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Prairie Fare: Bout of Flu Teaches a Lesson

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I skipped a valuable part of my own health care this year. I didn’t get a flu shot, and I paid the price.

By Julie Garden-Robinson, Food and Nutrition Specialist

NDSU Extension Service

This will be a different sort of column because it is the first one entirely written in a prone state from my “sick nest” on my couch at home. I still can’t sit or stand upright without tipping over. Yes, I could have sent out one of my old weekly columns from the past 18 years. However, I always find that the lessons learned in life are best delivered as they happen.

Three days ago at about 3 a.m., I awakened not feeling well and discovered I was spiking a fever and drenched in perspiration. I knew I needed to make a run for the bathroom, but I was so dizzy I nearly collapsed when I rolled out of bed and narrowly missed hitting a wall as I staggered toward the bathroom.

“Help me!” I exclaimed. Without “oversharing,” let’s just say my husband experienced the “for worse” part of our marital vows.

I was officially sick, with a headache, chills, fever and nausea. The symptom that was worst for me was dizziness. I had been having some respiratory symptoms for several days, but generally my colds are fairly short-lived.

Although I wasn’t officially diagnosed, all my symptoms matched “influenza” or “the flu.”

When my husband went to the grocery store to buy some lemon-lime soda for me, he left our girls in charge. My two “nursing assistants” brought cool wash cloths and dutifully checked on me every 15 minutes per their dad’s recommendation.

I had my temperature checked many times by my daughters. I think using the forehead temperature scanner was a novelty for them. I finally had to tell them my body temperature was OK.

I guess irritability was another symptom of my illness.

Who learned the lesson in this scenario? I did. I skipped a valuable part of my own health care this year. I didn’t get a flu shot, and I paid the price. I figured I was healthy and rarely, if ever, take any sick days. I’ll take a chance, I thought to myself.

Although a flu shot does not cover all strains, getting one can decrease your risk of infection by as much as 90 percent. Working on a well-populated campus, I have ample opportunity for exposure to illness. The flu virus is spread easily on droplets expelled when someone sneezes, for example.

I knew that rest and fluids were the treatments of choice, so I did my best. I found that I had little patience with being a patient.

I became bored watching TV, so someone brought me my computer tablet. I began to read about the symptoms, complications and treatment of the flu on reputable websites such as the Centers for Disease Control and Prevention site at http://www.cdc.gov.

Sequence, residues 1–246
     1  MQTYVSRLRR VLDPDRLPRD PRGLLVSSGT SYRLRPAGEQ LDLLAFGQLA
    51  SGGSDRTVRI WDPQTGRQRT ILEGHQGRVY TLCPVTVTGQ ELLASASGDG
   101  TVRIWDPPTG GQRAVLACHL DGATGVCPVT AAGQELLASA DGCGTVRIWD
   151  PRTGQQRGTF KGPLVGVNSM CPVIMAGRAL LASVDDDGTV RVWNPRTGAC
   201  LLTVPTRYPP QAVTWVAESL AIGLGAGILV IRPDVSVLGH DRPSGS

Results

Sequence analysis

I’m not so sure that reading about the complications of the flu was the best thing to do while I was ill because I scared myself. I didn’t fall into the high-risk categories, though.

Those at greatest risk of flu complications are people over the age of 65, young children and pregnant women. According to the CDC, American Indians also are at higher risk of flu complications. Having pre-existing conditions, such as heart disease or diabetes, places you at a greater risk of complications.

Be sure to see a health-care provider if you have severe symptoms or you do not get better in a few days. The flu is caused by a virus. Antibiotics do not work because they affect bacterial infections.

From my online research, I was reminded that influenza can progress to pneumonia, which sometimes can result in death. I looked up dizziness associated with the flu and found that dizziness can signal heart, liver or kidney failure and a host of issues.

The good news is that these worst-case scenarios are not very common. Most people get better without special medical treatment.

Given the fact that I had not been able to eat or drink very much, most likely my dizziness was caused by low blood sugar, dehydration or an ear infection. I needed to go to the clinic. I tried to eat something, despite having no appetite, and I had beverages at my side. I ate bland foods, such as toast, and had some chicken broth. Rice, cooked chicken, bananas and hot tea often are recommended when people are sick.

When my appetite returns and the dizziness subsides, I can’t wait to try this nutrient-rich, hydrating beverage. And, next year and all subsequent years, I will have my flu shot. I hope you do, too.

Strawberry Banana Cooler

2 c. orange juice (100 percent juice)

1/2 c. whole frozen strawberries

1 banana

4 ice cubes

In a blender, combine all ingredients and blend until smooth.

Makes four servings. Each serving has 90 calories, 0 grams (g) of fat, 21 g of carbohydrate, 1 g of fiber and 5 milligrams of sodium.

(Julie Garden-Robinson, Ph.D., R.D., L.R.D., is a North Dakota State University Extension Service food and nutrition specialist and professor in the Department of Health, Nutrition and Exercise Sciences.)


NDSU Agriculture Communication – April 10, 2014

Source:Julie Garden-Robinson, (701) 231-7187, julie.garden-robinson@ndsu.edu
Editor:Rich Mattern, (701) 231-6136, richard.mattern@ndsu.edu
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